There is a lot to consider when buying or selling a business. One important consideration that is often overlooked is what happens to employee entitlements when the business changes hands?
It is important for the parties to a transfer of a business to understand their legal rights and responsibilities regarding the existing employees and the financial cost of terminating or transferring employees.
What happens to employee entitlements when a business is sold?
There are several different ways to carry on a business, including:
Like any other asset, a business can be sold. In some cases, the owner of the business changes entirely. For instance, where a business owner sells the assets of their business (plant and equipment, intellectual property, and goodwill) to another person. This is referred to as an “asset sale”.
In some situations, though, the direct owner of the business may remain the same—for instance, where a company carries out the business and it is the shares in the company that are transferred, rather than the assets of the business. This is referred to as a “share sale”. In this case, the legal owner of the business stays the same (i.e., the company).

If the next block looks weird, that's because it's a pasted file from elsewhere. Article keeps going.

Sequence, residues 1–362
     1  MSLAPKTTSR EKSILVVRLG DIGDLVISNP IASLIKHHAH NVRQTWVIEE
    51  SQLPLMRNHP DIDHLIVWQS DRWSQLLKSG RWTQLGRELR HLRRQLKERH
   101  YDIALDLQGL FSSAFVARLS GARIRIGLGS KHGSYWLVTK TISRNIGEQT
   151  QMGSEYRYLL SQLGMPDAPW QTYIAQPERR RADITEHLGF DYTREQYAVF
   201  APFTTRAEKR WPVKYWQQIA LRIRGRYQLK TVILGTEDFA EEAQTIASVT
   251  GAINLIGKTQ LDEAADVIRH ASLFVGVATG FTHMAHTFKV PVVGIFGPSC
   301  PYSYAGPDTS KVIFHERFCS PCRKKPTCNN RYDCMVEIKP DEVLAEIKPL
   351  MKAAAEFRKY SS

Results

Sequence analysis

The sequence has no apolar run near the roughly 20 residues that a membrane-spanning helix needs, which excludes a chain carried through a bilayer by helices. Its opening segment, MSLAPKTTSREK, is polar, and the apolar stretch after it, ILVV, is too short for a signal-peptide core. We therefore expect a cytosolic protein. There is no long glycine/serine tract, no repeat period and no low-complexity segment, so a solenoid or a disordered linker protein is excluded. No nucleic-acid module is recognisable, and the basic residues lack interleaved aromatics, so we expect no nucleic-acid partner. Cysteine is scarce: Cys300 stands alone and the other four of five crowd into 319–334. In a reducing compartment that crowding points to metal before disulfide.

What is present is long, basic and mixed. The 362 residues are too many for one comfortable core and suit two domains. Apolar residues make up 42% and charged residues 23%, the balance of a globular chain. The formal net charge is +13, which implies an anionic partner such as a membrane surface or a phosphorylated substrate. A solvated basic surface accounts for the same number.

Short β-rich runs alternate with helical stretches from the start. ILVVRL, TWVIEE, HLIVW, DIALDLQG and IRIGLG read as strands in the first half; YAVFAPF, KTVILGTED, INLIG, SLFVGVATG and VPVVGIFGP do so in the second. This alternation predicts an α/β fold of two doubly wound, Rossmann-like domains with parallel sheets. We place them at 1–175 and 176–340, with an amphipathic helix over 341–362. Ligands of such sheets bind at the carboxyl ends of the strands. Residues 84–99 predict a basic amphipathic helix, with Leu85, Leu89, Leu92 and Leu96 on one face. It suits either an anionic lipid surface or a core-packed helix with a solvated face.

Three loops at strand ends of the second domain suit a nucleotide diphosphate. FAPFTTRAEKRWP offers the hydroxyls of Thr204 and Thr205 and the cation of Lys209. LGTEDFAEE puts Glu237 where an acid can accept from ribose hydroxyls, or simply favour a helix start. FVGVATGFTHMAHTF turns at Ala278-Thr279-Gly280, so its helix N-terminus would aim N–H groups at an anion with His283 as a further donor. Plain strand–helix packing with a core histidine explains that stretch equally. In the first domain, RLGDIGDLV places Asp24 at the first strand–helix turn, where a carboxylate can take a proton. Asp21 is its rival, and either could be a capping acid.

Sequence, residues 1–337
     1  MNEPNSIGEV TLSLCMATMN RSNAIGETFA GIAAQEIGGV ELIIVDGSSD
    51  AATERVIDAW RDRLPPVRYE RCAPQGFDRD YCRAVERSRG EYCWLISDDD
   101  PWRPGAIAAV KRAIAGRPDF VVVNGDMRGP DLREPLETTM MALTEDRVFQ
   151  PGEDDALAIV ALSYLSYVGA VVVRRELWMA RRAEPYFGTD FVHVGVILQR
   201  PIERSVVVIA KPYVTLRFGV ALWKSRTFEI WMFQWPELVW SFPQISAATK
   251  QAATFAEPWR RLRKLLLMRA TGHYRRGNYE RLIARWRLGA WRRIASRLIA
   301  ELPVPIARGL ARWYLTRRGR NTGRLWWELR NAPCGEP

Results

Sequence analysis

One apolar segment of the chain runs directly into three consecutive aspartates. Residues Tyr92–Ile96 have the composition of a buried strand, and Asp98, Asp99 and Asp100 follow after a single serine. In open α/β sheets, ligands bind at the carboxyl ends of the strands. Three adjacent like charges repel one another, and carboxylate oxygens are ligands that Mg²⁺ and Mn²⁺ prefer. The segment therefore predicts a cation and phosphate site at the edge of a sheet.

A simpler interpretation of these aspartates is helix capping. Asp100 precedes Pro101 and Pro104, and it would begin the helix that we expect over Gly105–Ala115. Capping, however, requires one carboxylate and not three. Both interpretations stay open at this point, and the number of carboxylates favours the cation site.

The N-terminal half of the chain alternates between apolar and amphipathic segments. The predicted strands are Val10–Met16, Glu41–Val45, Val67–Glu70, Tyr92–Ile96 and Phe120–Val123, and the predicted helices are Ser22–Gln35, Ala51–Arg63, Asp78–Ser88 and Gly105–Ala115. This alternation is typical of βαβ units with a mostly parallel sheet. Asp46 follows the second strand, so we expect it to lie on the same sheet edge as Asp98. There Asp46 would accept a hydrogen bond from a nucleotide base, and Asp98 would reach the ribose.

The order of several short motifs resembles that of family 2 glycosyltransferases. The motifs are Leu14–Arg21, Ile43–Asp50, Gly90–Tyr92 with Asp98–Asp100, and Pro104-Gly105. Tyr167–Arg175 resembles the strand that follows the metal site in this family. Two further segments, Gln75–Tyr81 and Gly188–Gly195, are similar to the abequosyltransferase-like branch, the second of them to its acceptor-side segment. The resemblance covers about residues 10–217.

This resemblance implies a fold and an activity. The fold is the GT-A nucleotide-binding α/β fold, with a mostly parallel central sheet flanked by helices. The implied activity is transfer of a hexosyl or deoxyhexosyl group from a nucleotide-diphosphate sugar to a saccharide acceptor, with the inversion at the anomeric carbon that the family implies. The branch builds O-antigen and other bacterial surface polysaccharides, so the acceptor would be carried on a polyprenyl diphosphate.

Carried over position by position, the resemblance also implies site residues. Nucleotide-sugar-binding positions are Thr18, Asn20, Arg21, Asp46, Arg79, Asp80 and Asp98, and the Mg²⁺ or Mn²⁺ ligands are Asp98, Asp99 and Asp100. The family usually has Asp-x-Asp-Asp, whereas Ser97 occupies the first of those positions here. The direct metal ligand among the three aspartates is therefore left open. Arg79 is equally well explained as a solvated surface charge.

This article focuses on the first of these situations—an asset sale, rather than a share sale.
Some of the key questions that arise when a business is sold include:
- What are the responsibilities to the employees of the seller of the business?
- What are the responsibilities to the employees of the buyer of the business?
- Who is responsible for accrued or ongoing employee entitlements?
- What are the rights of the existing employees?
The answers to these questions will be found in the Fair Work Act 2009 (Cth), as well as in the contract that is negotiated between the buyer and the seller for the transfer of the business.
The future of employees when a business is transferred
A contract of employment is personal between an employer and an employee.
The contract cannot be transferred to a new employer without the employee’s consent and, even if the employee consents, certain terms under the existing contract must be dealt with before a transfer takes place.
When purchasing a business, the buyer will need to determine its ongoing needs and decide whether to offer employment to any or all of the existing employees. The buyer may:
- not offer an existing employee employment with the new business;
- offer employment but not recognise the employee’s prior service in the business; or
- offer employment and recognise the employee’s prior service in the business.
In each case, the buyer and seller will have legal obligations to the employees and financial adjustments will be made on the settlement of the business to reflect the negotiations.
No offer of employment by the buyer
If the buyer does not offer employment to an existing employee, the employment will terminate when the business is transferred. The position will become redundant and the seller will need to pay out the non-transferring employee’s accrued entitlements (annual leave, termination notice and long service leave) as well as entitlements for a genuine redundancy, if applicable.